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Elixir Cross Referencer

#include <errno.h>
#include <limits.h>
#include <string.h>
#include <unistd.h>
#include <stdlib.h>
#include "internal/utmp.h"

/* Write the given entry into utmp and wtmp.
 * Note: the match in utmp is done against ut_id field,
 * which is NOT set by this function - caller must set it.
void login(const struct utmp *entry)
	struct UT copy;
	char tty_name[sizeof(copy.ut_line) + 6];
	int fd;

// Manpage:
// login() takes the argument ut struct, fills the field ut->ut_type
// (if there is such a field) with the value USER_PROCESS,
// and fills the field ut->ut_pid (if there is such a field)
// with the process ID of the calling process.
	copy = *((const struct UT *)(entry));
#if _HAVE_UT_TYPE - 0
	copy.ut_type = USER_PROCESS;
#if _HAVE_UT_PID - 0
	copy.ut_pid = getpid();

// Then it tries to fill the field ut->ut_line. It takes the first of stdin,
// stdout, stderr that is a tty, and stores the corresponding pathname minus
// a possible leading /dev/ into this field, and then writes the struct
// to the utmp file. On the other hand, if no tty name was found,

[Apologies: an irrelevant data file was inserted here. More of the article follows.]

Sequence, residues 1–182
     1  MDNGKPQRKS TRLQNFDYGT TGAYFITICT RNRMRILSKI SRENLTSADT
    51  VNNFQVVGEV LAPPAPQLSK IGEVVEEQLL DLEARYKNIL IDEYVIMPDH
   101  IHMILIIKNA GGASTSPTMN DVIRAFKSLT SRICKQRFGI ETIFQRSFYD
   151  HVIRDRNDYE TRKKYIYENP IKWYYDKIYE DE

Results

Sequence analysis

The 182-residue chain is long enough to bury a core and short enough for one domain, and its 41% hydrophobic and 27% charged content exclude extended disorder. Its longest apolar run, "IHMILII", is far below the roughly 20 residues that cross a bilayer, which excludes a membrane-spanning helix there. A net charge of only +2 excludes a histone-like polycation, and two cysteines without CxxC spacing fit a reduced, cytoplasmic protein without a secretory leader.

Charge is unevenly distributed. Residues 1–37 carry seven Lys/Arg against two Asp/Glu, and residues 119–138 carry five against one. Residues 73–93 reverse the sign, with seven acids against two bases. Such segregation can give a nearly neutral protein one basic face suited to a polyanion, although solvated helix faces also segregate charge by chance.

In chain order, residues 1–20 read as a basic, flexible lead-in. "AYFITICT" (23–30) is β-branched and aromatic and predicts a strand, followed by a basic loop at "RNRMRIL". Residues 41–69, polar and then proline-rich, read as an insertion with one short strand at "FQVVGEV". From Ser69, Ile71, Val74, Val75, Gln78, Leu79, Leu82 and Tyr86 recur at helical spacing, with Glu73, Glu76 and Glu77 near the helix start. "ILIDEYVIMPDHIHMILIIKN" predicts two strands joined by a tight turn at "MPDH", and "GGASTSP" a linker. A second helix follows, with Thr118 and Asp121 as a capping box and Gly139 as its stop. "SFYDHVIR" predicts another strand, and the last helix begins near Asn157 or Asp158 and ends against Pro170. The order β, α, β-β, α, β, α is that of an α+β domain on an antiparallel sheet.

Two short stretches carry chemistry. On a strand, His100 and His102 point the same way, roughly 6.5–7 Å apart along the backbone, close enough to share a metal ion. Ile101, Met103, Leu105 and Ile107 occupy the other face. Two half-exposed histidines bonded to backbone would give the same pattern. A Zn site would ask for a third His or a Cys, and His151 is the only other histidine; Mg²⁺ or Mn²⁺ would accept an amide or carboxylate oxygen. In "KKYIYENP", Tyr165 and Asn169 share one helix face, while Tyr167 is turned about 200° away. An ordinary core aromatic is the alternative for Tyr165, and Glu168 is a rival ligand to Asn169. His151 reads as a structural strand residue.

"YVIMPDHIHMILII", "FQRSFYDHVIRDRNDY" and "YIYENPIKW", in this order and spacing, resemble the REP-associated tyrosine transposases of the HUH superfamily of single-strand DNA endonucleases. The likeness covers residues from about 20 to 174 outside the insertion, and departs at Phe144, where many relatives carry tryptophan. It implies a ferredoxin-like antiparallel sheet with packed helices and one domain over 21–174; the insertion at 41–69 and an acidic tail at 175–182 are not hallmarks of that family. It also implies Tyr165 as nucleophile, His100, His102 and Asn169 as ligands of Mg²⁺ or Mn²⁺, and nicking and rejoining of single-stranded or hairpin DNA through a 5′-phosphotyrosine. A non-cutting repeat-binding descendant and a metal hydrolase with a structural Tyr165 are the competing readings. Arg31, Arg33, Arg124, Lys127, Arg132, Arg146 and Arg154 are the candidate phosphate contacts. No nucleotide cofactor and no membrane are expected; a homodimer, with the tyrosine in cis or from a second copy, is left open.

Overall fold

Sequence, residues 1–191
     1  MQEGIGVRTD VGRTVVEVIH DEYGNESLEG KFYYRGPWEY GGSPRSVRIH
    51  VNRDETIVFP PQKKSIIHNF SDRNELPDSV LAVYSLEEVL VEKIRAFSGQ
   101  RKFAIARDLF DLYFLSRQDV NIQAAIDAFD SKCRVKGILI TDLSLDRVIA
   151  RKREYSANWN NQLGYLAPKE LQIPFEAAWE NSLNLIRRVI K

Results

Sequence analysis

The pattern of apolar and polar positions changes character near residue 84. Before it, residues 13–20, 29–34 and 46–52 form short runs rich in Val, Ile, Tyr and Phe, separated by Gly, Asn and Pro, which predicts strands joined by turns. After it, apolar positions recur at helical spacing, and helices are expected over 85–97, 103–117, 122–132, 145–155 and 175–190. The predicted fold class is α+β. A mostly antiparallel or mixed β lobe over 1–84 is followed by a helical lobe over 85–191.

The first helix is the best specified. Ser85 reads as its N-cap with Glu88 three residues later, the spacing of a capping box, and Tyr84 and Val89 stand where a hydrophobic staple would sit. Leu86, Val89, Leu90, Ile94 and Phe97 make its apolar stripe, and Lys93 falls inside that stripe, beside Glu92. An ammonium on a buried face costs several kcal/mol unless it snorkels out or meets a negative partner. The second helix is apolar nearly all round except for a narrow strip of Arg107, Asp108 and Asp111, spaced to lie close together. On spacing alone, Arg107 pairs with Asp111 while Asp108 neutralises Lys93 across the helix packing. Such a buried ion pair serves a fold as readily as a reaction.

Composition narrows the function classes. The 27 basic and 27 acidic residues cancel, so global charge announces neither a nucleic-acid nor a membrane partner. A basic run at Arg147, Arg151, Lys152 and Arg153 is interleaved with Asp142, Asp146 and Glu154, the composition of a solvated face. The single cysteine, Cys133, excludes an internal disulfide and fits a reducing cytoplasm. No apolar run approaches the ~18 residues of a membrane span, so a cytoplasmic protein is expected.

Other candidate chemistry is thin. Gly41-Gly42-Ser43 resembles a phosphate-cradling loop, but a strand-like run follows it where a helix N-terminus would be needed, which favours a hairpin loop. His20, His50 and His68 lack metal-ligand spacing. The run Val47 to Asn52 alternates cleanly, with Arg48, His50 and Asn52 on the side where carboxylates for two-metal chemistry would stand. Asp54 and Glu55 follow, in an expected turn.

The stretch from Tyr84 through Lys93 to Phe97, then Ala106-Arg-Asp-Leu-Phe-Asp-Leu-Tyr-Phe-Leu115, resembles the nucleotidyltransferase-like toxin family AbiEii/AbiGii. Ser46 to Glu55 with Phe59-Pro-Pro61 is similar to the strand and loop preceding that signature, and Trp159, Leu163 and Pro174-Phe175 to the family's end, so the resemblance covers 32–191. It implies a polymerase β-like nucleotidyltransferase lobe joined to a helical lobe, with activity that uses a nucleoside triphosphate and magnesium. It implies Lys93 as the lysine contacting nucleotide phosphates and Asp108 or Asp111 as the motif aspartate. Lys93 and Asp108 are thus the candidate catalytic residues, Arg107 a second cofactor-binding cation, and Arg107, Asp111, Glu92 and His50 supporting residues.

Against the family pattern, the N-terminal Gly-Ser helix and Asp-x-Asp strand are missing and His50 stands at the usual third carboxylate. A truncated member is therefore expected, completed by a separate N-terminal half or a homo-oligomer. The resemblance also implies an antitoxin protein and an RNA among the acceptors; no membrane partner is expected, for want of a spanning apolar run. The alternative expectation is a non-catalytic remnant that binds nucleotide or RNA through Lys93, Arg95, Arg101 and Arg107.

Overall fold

// this field is filled with "???" and the struct is not written
// to the utmp file.
	fd = 0;
	while (fd != 3 && ttyname_r(fd, tty_name, sizeof(tty_name)) != 0)
	if (fd != 3) {
		if (strncmp(tty_name, "/dev/", 5) == 0)
			strncpy(copy.ut_line, tty_name + 5, sizeof(copy.ut_line)-1);
			strncpy(copy.ut_line, tty_name, sizeof(copy.ut_line)-1);
		copy.ut_line[sizeof(copy.ut_line)-1] = '\0';

		/* utmpname(_PATH_UTMP); - why?
		 * this makes it impossible for caller to use other file!
		 * Does any standard or historical precedent says this must be done? */
		/* Replaces record with matching ut_id, or appends new one: */
	} else {
		strncpy(copy.ut_line, "???", sizeof(copy.ut_line));

// After this, the struct is written to the wtmp file.
	updwtmp(_PATH_WTMP, &copy);